Either way, someone is going to take a hit for these charges, because there's no indication that WVU will contest the root of the charges – that it had employees performing coaching duties that weren't allowed to do so.
Not really. The NCAA is naturally going to ask for anything and everything it thinks is relative to the case, in any possible aspect. It's also asking for information, such as won-loss records and scholarship levels, that would appear to be taken into account in the penalty phase of the investigation, should the allegations prove true.
That's pretty much par for the course in any NCAA investigation that results in on-campus interviews or a major allegation. Yes, the association has requested a mountain of paperwork. But that's not a surprise considering the timeframe that is covered in the allegations.
Again, not necessarily. Allegations one and two are pretty much the same, covering those people who performed impermissible duties in different situations. Allegations three and four are also the same – they are just targeted at the two head coaches during the period of the allegations.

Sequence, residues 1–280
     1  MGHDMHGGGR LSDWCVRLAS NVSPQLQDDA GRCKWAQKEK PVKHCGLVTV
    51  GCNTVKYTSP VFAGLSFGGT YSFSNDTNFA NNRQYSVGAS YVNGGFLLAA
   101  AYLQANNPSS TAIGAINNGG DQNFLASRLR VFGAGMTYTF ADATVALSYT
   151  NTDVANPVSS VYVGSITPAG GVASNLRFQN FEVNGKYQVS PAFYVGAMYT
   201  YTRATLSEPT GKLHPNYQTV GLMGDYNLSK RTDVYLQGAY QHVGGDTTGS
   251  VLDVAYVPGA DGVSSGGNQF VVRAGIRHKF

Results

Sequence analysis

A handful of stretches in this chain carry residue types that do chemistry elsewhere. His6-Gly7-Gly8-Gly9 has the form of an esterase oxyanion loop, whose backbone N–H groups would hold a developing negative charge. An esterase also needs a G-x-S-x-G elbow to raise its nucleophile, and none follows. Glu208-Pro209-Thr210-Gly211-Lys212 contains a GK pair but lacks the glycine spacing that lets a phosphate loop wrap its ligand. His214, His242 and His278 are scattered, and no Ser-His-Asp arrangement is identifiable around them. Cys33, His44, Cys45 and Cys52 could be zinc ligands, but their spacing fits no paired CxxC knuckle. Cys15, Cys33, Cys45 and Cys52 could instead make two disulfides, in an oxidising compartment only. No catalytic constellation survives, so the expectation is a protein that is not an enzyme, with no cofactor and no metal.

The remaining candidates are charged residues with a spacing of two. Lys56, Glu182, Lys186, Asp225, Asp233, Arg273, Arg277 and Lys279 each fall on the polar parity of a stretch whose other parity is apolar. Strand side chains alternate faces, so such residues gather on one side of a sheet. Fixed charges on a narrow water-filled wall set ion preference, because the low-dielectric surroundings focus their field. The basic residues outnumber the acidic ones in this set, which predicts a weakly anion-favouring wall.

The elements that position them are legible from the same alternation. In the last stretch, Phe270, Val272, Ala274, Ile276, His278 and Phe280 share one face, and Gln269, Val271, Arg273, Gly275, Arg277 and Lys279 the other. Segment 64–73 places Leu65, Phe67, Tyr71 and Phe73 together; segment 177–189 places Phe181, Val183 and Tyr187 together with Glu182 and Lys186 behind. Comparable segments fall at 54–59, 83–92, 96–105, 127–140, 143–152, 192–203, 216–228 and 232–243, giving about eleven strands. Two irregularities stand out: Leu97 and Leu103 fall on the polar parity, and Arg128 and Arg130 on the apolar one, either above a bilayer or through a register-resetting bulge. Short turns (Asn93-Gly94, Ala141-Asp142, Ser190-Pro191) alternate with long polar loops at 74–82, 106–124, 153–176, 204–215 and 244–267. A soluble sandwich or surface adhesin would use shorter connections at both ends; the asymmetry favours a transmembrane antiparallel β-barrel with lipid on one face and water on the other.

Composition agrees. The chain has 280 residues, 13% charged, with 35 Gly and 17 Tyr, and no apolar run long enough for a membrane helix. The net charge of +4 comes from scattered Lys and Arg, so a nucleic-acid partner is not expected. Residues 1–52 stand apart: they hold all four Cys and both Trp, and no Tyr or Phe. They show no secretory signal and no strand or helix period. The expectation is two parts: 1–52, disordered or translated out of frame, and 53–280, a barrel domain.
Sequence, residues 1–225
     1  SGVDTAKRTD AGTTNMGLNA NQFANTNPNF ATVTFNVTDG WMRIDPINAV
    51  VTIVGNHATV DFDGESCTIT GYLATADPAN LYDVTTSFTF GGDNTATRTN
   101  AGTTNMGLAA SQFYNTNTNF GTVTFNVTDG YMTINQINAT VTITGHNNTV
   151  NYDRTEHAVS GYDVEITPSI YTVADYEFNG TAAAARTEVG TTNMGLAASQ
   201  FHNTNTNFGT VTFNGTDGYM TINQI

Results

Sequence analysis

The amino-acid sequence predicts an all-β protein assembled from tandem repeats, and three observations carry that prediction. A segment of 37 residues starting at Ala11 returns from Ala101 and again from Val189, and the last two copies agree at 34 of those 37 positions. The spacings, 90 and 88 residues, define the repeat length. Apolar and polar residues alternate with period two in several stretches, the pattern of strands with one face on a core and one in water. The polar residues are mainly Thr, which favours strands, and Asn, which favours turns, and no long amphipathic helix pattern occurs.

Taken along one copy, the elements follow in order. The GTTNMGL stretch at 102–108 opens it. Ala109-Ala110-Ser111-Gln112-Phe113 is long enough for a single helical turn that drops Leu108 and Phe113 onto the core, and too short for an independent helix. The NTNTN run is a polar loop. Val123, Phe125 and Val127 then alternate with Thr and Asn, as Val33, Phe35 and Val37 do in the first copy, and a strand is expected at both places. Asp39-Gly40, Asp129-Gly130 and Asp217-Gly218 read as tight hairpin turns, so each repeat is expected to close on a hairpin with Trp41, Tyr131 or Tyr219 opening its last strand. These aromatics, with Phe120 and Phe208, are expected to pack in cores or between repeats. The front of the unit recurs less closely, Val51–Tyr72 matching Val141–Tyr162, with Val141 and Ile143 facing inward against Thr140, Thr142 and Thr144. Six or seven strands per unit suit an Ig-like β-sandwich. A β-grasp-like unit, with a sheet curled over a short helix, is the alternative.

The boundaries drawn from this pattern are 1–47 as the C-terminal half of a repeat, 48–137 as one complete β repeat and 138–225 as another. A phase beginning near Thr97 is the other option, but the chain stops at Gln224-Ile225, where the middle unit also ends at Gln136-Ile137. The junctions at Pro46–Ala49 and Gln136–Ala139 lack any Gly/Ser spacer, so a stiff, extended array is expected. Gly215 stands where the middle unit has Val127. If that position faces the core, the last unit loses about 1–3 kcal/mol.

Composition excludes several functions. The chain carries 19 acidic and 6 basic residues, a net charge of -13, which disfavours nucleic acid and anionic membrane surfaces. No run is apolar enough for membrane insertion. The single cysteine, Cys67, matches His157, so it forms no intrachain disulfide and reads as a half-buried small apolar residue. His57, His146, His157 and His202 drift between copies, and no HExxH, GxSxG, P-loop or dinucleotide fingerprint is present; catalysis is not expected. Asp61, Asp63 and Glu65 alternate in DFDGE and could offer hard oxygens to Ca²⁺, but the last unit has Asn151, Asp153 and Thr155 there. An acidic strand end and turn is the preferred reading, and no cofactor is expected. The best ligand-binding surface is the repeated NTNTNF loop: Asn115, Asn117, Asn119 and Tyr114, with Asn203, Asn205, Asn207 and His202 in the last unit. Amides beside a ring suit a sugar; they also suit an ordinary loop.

That said, it doesn't lessen the seriousness of the charges. We're not talking paying players here, but it's not something so minor as inadvertently providing a player with a meal or giving them a media guide.
In a word, no, for two different reasons. First, as we've seen in the past, the NCAA can be anything but consistent in its actions. It shouldn't surprise anyone at all if two different penalties are handed down in cases that were identical, let alone in cases where differences exist. The NCAA doesn't talk about its decision-making process in applying penalties, but they aren't bound to look at historical precedent.
Second, the allegations at Michigan, while having some similarity, are different. UM's charges include many more instances of excessive practice time than WVU's, which have only one. Does that make Michigan's situation more dire? How will the NCAA Committee on Infractions view that? It's impossible to predict, but there's no doubt that the situations, while similar, aren't identical.